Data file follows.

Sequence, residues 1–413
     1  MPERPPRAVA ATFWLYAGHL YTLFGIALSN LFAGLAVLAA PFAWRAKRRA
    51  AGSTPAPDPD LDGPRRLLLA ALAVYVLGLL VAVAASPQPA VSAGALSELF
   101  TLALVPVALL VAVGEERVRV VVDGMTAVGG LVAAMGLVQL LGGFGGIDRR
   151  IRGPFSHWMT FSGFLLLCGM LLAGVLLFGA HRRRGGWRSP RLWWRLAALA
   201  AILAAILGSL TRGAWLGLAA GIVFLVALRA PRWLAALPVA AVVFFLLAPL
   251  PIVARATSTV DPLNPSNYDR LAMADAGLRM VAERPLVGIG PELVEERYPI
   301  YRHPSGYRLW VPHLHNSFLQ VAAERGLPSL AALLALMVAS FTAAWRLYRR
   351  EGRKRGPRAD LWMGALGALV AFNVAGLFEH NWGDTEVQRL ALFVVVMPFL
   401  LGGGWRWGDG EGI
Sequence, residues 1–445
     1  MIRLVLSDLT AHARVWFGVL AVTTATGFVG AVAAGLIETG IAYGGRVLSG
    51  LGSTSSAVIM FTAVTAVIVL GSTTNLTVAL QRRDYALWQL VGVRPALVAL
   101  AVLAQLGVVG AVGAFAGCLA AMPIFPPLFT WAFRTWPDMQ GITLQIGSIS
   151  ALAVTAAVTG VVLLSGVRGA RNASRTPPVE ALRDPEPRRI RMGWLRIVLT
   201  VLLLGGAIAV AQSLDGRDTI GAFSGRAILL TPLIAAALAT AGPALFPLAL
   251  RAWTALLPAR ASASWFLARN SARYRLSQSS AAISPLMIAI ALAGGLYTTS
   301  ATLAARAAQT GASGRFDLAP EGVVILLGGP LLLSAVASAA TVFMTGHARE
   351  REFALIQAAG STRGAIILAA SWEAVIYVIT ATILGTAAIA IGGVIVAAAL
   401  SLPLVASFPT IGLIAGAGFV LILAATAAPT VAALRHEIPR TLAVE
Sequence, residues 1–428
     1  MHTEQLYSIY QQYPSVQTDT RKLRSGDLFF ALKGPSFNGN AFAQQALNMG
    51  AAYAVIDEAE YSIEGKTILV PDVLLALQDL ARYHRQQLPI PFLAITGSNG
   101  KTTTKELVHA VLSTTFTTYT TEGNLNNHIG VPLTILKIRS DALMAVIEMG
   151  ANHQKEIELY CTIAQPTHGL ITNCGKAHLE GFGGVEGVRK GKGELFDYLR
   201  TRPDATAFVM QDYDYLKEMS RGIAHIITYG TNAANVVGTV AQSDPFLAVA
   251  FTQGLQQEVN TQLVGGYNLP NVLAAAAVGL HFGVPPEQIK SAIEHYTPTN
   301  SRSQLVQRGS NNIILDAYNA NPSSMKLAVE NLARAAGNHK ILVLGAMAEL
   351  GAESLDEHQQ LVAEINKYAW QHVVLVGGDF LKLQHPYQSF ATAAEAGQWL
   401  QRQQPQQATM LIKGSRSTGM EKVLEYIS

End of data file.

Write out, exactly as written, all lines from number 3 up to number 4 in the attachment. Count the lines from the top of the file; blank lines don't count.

    51  AGSTPAPDPD LDGPRRLLLA ALAVYVLGLL VAVAASPQPA VSAGALSELF
   101  TLALVPVALL VAVGEERVRV VVDGMTAVGG LVAAMGLVQL LGGFGGIDRR